I love student media, and here’s why I want everyone else to love it, too. (A Throwback Post)

It’s been 28 years since the Daily Cardinal halted publication amid a sea of financial mismanagement. To commemorate that moment, every Feb. 7, I check in on the Daily Cardinal’s website, just to make sure it’s still there. It always is and based on the strength of fundraising through the Daily Cardinal Alumni Association and the passion of the student staff, year after year, I have great faith that it always will be.

What I have come to realize over all of those years is that I love student media. It has become my life, my passion and my purpose. Student media  gave me the life I love so much now, and the venue it provides me to help others find their way to the life of their dreams.  I also learned that I’m not alone in how I feel.

Today’s throwback post takes a look at a situation involving the potential death of a student media outlet brought about by short-sighted administrators and stupid budgeting. Beyond that, it gave people from many walks of life a chance to learn, laugh and love in an environment that gave them freedom and responsibility.

(SPOILER ALERT: The situation at Doane University got worked out and Doane Student Media kept on rolling.  You can see all the great work students there continue to do through this link.)

Enjoy this look why student media matters so much to so many people.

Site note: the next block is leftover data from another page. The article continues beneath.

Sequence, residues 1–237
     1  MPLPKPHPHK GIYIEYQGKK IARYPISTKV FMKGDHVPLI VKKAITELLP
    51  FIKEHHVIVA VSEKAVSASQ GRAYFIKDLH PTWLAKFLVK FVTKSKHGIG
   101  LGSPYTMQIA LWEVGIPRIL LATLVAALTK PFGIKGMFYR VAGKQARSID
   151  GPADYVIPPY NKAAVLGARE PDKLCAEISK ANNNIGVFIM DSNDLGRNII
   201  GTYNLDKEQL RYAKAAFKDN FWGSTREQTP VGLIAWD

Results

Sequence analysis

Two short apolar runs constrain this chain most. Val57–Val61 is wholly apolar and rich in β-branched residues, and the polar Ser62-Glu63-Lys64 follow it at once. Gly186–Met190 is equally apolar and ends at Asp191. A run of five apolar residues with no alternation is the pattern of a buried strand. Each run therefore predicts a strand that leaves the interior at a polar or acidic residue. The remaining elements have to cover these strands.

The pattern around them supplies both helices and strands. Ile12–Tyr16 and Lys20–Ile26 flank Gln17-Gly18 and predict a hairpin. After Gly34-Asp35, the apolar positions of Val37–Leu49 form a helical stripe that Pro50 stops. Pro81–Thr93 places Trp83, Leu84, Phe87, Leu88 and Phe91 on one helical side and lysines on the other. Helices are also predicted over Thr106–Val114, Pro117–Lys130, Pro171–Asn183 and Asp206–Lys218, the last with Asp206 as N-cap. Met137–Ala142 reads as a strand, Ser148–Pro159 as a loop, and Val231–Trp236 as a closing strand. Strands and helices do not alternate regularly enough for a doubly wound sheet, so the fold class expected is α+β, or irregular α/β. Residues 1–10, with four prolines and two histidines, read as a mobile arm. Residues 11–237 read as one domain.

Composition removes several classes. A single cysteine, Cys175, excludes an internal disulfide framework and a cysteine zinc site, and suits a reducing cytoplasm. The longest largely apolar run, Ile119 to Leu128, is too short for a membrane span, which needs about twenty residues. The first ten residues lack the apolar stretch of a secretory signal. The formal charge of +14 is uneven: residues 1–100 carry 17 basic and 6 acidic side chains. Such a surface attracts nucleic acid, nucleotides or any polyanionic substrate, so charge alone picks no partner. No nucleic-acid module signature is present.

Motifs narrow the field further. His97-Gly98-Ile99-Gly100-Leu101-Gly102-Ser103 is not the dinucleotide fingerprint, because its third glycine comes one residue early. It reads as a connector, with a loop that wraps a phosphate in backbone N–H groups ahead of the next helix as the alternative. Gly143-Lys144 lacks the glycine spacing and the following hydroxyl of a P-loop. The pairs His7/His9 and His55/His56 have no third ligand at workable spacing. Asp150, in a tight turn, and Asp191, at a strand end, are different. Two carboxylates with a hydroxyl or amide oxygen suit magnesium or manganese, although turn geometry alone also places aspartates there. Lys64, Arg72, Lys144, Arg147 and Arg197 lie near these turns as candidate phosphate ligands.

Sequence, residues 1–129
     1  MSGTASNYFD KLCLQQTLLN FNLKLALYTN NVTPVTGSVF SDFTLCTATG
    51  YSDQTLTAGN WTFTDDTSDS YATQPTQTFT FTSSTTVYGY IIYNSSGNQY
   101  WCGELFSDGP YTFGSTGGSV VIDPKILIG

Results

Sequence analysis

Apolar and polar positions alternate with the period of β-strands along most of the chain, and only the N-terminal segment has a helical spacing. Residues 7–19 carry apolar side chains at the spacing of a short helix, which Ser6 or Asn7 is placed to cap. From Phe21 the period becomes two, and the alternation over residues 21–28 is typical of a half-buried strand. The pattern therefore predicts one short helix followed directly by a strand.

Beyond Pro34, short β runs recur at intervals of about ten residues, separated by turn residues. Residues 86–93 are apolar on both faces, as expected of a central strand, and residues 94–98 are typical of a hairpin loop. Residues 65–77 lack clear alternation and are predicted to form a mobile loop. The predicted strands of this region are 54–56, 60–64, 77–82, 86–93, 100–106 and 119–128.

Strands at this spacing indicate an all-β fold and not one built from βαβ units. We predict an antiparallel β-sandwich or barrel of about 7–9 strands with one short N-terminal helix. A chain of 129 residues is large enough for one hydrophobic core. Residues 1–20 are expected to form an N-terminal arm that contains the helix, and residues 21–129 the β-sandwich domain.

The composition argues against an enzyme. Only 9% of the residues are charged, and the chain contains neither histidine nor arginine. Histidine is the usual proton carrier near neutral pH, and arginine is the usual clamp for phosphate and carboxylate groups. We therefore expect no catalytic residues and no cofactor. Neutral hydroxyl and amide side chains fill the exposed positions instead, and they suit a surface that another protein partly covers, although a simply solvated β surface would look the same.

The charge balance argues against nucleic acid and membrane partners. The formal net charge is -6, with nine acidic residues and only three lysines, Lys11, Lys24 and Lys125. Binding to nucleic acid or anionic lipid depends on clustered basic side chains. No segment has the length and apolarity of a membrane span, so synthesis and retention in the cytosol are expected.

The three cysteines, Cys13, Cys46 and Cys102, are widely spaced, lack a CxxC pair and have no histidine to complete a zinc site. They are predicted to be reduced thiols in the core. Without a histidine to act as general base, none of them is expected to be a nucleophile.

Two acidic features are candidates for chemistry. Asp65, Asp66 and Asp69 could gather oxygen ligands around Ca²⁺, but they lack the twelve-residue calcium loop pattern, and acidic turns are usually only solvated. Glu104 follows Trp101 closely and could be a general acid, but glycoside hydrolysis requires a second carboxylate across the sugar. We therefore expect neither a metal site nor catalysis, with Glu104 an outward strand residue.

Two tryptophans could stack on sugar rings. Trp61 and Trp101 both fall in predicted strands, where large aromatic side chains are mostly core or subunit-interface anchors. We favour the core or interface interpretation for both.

“It gave me a purpose and quite literally saved my life a few times.” Why Student Media Matters

The Board of Trustees at Doane University approved of President Jacque Carter’s suggested cuts and mergers during its Monday meeting, meaning that Doane Student Media is on a downward spiral to financial insolvency. Editor in chief Meaghan Stout has been covering the situation since the cuts were first announced, which is a lot like being asked to serve as a pall bearer for your own funeral.

According to former Doane student media adviser David Swartzlander, the cuts don’t go into effect until July 1, which gives Stout and others about nine months to raise unholy hell about them, something we’ve asked you all to do throughout the week.

If you’re thinking, “None of this makes any sense. She’s graduating in a month, so she’s done with this place. And why are you dedicating so much time and energy blathering on about student media cuts at a university the size of your high school? You don’t have a horse in this race….,” well, I get it.

From the outside, this looks pathologically stupid.

If you’ve ever spent any time in student media, this makes all the sense in the world.

I asked people I know who have gone in myriad directions after their educational careers came to a close if they ever worked in student media and, if so, why it mattered to them. One of the best journalists I’ve ever been lucky enough to work with, a wordsmith and a storyteller unlike any other, didn’t disappoint:

My high school had no paper. I started one, called “The Cardinal Chirps.” There was news, sports and jokes on four mimeographed pages. (Smelled great!) It may have lasted three issues. The jokes were filler and I learned that not everyone has the same sense of humor. Don’t print jokes. Working at that paper was a revelation. I could find something that didn’t make sense – a section of the lockers were inexplicably located in a dark room with one narrow door – and write about it. It wasn’t safe for those who had their lockers in there. The principal and school board took note and changed it. No had ever brought it to their attention. The learning was true: You can’t fix something if you don’t know it is broken.

I expected a few responses from a few other people, but not much.

I was stunned when I got dozens, like this one from a journalism professor with a background in news: